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Old June 5, 2000, 12:00 AM   #1
Eric of IN
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I was just wondering why turkeys are hunted in the spring, instead of the fall like every other critter?

Formerly Puddle Pirate.
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Old June 5, 2000, 08:08 AM   #2
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they generally dont gobble in the fall for also has to do with the breeding season.some states do have a fall turkey season.
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Old June 5, 2000, 11:49 AM   #3
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We have a Fall Turkey season here in Oklahoma.
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Old June 5, 2000, 07:44 PM   #4
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Turkeys are hunted in the fall in 40 states. Just picked up that interesting tidbit on tv Sat. a.m.

It is much easier to hunt them in the spring when they will come to a call. Make some yelps, purrs, clucks, try to sound like a hen ready for breedin and they come runnin in. At least they are supposed to, if you've never had one hang up, strut and gobble at 150 yds but come no closer, you don't know what frustrated means. In the fall they are more spread out, the toms know they aint gettin any so why bother comin to a call. Fall turkey huntin can be damn tough if you don't know exactly where the birds are. (If you do know exactly where the birds are, it is probably in somebody's farmyard )
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Old June 5, 2000, 10:59 PM   #5
Art Eatman
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As near as I can tell, the fall season is just because there are a lot of turkeys. If you find them at all, it is because there are enough of them to hunt.

The spring season is after their breeding season, so taking a gobbler won't harm the population-growth cycle.

And now you know as much about it as I do.

, Art
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Old June 6, 2000, 09:42 PM   #6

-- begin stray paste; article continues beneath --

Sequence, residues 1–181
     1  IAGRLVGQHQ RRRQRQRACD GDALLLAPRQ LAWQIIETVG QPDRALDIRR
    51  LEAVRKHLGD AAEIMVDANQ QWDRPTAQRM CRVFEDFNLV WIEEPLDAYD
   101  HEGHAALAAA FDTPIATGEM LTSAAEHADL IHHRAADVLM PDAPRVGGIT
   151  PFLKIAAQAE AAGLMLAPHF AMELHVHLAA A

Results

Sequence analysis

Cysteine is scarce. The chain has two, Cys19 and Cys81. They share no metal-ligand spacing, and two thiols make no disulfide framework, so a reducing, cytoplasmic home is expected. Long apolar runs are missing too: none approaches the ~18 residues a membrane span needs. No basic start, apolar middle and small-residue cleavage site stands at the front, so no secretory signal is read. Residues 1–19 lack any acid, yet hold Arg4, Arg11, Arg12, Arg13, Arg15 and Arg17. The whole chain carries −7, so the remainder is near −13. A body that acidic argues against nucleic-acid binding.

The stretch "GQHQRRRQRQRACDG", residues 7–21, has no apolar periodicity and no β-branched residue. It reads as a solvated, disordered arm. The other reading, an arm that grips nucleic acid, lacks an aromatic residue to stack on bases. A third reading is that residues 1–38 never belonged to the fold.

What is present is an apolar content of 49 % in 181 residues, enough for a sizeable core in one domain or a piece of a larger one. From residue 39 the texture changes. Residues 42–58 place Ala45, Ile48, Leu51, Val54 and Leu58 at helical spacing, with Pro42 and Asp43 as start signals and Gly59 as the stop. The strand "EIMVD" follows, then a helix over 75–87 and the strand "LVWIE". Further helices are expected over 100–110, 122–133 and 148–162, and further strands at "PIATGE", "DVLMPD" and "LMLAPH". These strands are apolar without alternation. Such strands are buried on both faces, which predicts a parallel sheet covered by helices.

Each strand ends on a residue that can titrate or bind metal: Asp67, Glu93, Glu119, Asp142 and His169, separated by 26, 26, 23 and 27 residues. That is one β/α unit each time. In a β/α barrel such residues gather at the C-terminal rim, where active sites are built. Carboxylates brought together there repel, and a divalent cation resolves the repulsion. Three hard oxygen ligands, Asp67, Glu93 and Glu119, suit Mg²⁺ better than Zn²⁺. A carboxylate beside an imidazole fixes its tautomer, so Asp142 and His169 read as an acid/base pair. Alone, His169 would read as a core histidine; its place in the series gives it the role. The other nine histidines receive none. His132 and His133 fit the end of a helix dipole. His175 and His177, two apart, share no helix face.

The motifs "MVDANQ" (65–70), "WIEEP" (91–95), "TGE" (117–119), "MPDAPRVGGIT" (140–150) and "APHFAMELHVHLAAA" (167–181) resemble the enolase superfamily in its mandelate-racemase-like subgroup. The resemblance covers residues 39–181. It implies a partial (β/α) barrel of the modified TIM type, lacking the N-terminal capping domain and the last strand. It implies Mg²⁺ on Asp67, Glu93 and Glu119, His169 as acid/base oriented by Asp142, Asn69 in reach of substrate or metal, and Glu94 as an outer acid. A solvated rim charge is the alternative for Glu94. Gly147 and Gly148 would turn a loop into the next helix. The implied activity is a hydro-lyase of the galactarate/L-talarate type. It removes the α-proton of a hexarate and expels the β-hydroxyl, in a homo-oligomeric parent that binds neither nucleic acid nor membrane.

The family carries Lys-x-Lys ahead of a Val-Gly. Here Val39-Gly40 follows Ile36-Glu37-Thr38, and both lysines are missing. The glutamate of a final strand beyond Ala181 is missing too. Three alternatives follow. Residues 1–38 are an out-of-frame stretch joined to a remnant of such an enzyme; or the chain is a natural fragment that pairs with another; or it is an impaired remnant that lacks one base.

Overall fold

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In NE, the spring seasons are tied to "normal" dates for breeding period. The regular season is during the breeding season. It is done this way because the turkeys are gathered in larger flocks, and are very active and vocal, with much gobbling and strutting by the toms and calling by the hens. I prefer to hunt the late season in the unit that I hunt, the peak of the mating season is just past and most of the hens have been bred and moved off seperately to nest. The toms are still active, looking for more hens, and seem to be more responsive to calling. They will come in easier than if they are strutting around a bunch of hens. It is pretty cool to watch a tom or two and a couple of jakes showing off around a bunch of hens, but frustrating as can be, because it is just about impossible to call them away. They seem to know that "A bird in the hand is worth two in the bush". But after the available hens have all been done, the toms still want more and will go looking for some stray. Toms are about the horniest damn critters there is. In areas with low hen populations they have been known to destroy new nests. The hens will sometimes cycle again and be receptive to breeding. One tom can breed many hens. A well managed hunting season may take a high percentage of the toms, but will have little effect on the # of hens that are bred.
Been chasin 'em when I can for 25 years.
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